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Duluth in Gwinnett County, Georgia — The American South (South Atlantic)
 

Spreader #JX635

 
 
Spreader #JX635 Marker image. Click for full size.
By J. Makali Bruton, January 6, 2018
1. Spreader #JX635 Marker
Inscription.

Built: 1926
Builder: O.F. Jordan Company
Built For: MacDougald Construction Co.
Class: Knuckle Brace
Weight: 85,000 lbs

The Spreader was a railroad car designed to spread or shape ballast profiles as well as clear snow in winter. The various ploughs, wings, and blades of a spreader allows them to build banks, clean and dig ditches, evenly distribute gravel, as well as trim embankments of brush along the side of the track.

The cars where operated with the use of air pumped into a massive tank located in the center of the car. The air was taken directly from the train's brake lines, and as the cars where not capable of moving under their own power, required a locomotive to pump the air and move the vehicle. The car featured central pneumatic controls, all mounted on a riveted chassis.

Spreader #JX635 was ordered in 1926 by Mr. Alex MacDougald. It was was shipped to him on November the 8th of that year and initially cost $10,500.

Mr Alex MacDougald, who was born Alexander (he dropped the "ander" from his name in order to speed up signing checks and other paperwork related to his company) was originally engaged in a profession as a lawyer. In 1916, he represented a construction company that was in dire financial straits. The company had some sizable contracts in que, and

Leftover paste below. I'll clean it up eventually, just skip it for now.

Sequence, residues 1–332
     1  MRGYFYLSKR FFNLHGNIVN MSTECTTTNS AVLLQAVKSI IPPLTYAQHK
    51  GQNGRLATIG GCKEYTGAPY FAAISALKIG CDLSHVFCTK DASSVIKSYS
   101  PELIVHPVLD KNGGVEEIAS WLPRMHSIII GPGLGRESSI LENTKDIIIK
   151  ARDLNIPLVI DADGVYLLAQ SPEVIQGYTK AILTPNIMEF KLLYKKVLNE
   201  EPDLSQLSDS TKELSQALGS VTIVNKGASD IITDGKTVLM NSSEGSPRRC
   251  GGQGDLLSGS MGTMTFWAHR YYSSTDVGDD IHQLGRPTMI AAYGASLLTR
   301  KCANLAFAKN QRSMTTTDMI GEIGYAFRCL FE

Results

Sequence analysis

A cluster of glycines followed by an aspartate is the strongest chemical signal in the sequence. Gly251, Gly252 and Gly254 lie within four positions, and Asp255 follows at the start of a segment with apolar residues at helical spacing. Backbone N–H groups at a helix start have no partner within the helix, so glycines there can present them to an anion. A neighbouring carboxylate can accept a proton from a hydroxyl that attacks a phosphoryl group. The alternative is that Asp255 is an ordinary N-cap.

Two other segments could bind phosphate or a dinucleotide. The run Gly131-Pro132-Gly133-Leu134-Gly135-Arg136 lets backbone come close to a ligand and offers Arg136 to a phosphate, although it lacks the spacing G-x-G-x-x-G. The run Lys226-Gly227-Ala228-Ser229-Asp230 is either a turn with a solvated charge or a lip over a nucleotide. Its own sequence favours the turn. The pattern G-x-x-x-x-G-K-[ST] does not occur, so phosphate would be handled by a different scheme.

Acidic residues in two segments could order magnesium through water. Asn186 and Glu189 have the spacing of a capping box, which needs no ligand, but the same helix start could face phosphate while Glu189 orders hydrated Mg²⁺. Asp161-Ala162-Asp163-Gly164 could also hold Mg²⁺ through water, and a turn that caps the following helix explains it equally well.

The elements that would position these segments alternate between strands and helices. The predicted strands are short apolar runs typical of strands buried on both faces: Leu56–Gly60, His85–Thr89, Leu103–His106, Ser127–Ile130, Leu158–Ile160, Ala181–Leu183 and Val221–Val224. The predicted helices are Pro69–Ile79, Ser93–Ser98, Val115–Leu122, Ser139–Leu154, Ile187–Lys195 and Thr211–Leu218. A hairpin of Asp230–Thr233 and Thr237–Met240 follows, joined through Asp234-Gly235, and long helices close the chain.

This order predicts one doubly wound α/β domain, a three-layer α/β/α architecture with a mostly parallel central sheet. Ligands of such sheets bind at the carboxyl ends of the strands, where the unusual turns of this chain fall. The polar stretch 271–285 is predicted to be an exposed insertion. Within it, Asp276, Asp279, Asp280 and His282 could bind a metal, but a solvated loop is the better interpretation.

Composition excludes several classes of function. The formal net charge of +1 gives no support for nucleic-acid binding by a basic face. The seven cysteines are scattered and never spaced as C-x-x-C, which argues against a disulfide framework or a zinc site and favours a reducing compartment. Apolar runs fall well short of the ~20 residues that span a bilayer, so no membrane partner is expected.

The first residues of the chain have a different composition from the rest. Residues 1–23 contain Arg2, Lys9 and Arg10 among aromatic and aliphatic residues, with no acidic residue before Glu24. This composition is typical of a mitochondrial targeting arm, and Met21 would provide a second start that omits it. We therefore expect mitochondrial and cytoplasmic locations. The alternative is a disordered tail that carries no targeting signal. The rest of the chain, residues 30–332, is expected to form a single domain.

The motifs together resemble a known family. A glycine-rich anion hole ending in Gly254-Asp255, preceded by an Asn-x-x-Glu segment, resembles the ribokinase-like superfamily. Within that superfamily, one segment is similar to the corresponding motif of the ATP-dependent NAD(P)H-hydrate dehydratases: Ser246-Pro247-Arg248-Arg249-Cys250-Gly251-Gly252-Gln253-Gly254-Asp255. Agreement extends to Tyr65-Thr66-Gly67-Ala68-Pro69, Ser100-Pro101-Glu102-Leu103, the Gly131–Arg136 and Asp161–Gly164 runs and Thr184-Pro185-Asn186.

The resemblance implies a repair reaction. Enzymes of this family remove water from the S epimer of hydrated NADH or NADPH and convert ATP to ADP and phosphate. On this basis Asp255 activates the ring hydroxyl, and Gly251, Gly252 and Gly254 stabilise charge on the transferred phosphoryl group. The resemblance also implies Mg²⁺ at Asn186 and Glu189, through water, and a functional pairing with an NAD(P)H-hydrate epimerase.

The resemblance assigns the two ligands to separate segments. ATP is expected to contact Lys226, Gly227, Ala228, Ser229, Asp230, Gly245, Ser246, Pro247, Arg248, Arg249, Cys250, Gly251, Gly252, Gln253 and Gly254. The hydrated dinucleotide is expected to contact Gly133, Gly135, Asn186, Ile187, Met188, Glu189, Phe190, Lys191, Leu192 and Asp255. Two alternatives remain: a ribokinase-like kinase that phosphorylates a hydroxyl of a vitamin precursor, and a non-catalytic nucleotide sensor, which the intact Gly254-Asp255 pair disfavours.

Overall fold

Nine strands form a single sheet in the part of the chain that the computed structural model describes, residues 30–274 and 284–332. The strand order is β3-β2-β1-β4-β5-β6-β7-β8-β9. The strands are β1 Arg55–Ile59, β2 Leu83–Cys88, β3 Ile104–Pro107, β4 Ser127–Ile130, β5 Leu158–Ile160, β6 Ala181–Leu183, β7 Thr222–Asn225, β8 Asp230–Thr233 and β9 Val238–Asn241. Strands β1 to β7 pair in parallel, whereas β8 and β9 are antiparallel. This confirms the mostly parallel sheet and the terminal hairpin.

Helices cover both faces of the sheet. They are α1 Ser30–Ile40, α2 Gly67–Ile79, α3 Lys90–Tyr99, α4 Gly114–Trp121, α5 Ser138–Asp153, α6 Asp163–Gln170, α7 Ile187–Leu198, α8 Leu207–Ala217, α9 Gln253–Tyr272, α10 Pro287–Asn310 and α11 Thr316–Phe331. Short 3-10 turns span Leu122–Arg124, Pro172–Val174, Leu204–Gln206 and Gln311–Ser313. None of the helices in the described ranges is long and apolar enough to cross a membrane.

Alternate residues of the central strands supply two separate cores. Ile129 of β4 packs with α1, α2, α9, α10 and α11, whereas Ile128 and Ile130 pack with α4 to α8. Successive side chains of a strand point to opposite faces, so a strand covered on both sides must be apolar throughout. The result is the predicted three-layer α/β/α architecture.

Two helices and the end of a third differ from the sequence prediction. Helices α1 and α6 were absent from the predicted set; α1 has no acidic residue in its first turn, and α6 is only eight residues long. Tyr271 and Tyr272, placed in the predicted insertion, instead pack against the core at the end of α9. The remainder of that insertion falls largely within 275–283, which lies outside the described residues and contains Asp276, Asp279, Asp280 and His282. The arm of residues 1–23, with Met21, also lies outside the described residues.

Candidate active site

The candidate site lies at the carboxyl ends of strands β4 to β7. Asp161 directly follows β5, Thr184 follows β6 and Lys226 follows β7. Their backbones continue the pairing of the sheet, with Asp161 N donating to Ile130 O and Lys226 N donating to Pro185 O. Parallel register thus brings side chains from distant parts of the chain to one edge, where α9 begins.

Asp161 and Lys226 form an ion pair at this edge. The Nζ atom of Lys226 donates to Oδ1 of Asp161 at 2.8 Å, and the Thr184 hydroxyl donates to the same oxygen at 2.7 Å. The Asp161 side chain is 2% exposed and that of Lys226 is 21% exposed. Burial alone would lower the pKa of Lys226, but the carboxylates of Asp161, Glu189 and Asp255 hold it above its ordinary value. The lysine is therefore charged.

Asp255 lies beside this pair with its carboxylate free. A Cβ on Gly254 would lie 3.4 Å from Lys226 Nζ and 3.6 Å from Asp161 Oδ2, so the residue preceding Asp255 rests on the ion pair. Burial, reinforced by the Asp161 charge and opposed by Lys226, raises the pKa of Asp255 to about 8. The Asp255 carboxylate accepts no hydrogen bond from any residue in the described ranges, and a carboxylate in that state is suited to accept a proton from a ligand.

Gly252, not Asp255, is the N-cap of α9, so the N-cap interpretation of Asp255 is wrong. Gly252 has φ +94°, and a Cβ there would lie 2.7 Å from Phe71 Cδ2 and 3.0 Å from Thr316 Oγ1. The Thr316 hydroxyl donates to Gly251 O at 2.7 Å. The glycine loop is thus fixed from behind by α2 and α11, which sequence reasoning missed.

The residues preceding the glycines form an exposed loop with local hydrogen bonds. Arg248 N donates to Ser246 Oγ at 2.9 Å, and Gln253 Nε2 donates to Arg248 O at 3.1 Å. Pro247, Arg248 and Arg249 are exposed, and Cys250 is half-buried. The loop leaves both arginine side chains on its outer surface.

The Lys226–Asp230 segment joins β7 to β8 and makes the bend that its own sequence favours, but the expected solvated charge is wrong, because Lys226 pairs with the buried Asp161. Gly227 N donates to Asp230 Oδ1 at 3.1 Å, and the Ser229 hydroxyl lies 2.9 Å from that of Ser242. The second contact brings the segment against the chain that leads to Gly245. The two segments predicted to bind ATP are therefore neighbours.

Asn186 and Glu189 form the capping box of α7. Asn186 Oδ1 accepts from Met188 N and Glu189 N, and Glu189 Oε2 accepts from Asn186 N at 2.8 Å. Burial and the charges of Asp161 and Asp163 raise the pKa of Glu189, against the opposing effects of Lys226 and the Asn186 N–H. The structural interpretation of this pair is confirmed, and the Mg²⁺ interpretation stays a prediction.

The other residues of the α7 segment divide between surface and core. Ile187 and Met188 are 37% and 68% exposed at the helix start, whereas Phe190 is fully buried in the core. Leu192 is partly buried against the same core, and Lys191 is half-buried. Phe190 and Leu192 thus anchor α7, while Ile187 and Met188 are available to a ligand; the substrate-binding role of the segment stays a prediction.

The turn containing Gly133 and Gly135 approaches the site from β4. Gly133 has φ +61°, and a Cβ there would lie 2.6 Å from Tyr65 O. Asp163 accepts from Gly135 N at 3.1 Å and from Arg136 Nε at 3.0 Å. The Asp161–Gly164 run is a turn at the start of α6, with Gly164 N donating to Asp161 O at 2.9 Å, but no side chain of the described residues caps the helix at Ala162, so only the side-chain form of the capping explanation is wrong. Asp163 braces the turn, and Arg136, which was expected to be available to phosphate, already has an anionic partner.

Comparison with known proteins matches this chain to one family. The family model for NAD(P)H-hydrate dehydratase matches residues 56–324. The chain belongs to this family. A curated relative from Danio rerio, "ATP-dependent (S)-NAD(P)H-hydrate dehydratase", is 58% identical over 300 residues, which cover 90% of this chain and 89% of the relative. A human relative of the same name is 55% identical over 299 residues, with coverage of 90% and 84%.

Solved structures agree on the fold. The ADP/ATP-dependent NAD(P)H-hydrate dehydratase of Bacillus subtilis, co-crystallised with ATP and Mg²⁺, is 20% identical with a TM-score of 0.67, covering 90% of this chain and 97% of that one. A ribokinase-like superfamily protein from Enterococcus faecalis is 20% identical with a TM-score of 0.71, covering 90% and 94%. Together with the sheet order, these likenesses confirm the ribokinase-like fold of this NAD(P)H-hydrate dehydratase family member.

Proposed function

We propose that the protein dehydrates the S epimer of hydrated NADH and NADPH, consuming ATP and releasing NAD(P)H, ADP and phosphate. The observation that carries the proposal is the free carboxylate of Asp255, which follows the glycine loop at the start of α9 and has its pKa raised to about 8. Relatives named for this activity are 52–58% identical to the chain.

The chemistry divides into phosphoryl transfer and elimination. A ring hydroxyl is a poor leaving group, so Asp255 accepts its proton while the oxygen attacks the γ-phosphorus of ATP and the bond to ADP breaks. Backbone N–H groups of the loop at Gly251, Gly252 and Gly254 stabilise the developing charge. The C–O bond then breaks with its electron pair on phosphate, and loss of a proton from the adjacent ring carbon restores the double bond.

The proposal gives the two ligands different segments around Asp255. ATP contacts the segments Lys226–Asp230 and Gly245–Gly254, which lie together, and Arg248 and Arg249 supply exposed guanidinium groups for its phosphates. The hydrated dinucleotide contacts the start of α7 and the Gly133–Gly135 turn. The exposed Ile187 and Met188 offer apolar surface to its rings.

Spreader #JX635 Marker image. Click for full size.
By J. Makali Bruton, January 6, 2018
2. Spreader #JX635 Marker
was going to lose a large amount of money.

Mr. MacDougald got involved and when the original company was dissolved, he took over it's equipment and it's contracts. In 1919 the MacDougald Construction Co. was formed.

MacDougald Construction Co. operated a growing business based in the Atlanta area. The company was involved in road grading and construction, dock-work, and had a number of railroad contracts. Enough so to own and operate a small fleet of switch locomotives. During the second world war, MacDougald worked on the Bell Bomber, later Lockheed Plant in Marietta, as well as built a dry dock at Charleston. MacDougald also built eight miles of Interstate 20 in Atlanta, from Hill Street near downtown to Candler Road in DeKalb County.

MacDougald assets were eventually sold to CW Matthews Contracting Co. of Atlanta and dissolved in 1977.
 
Location. 33° 59.348′ N, 84° 9.29′ W. Marker is in Duluth, Georgia, in Gwinnett County. Marker can be reached from Unnamed road west of Peachtree Road. Touch for map. The marker and spreader are just north of the Main Exhibit Hall at the Southeastern Railway Museum. Marker is at or near this postal address: 3595 Buford Hwy, Duluth GA 30096, United States of America.
 
Other nearby markers. At least 8 other markers are within 5 miles of this marker, measured as the crow flies. Steam Locomotion at High Tide!
Jordan Spreader logo from the marker image. Click for full size.
By J. Makali Bruton
3. Jordan Spreader logo from the marker
(about 300 feet away, measured in a direct line); Passenger Coach No. 3780 (about 300 feet away); The History of the Miniature Train Company (about 500 feet away); Home of Alice Harrell Strickland - Georgia's First Woman Mayor (approx. 1.4 miles away); Peachtree Road (approx. 1.6 miles away); State R.R. Survey (approx. 2.7 miles away); "Holy Row" (approx. 4½ miles away); National Register of Historic Places – City of Norcross (approx. 4.6 miles away). Touch for a list and map of all markers in Duluth.
 
Categories. Industry & CommerceRailroads & StreetcarsRoads & Vehicles
 
 
Credits. This page was last revised on February 9, 2018. This page originally submitted on February 9, 2018, by J. Makali Bruton of Querétaro, Mexico. This page has been viewed 64 times since then. Photos:   1, 2, 3. submitted on February 9, 2018, by J. Makali Bruton of Querétaro, Mexico.
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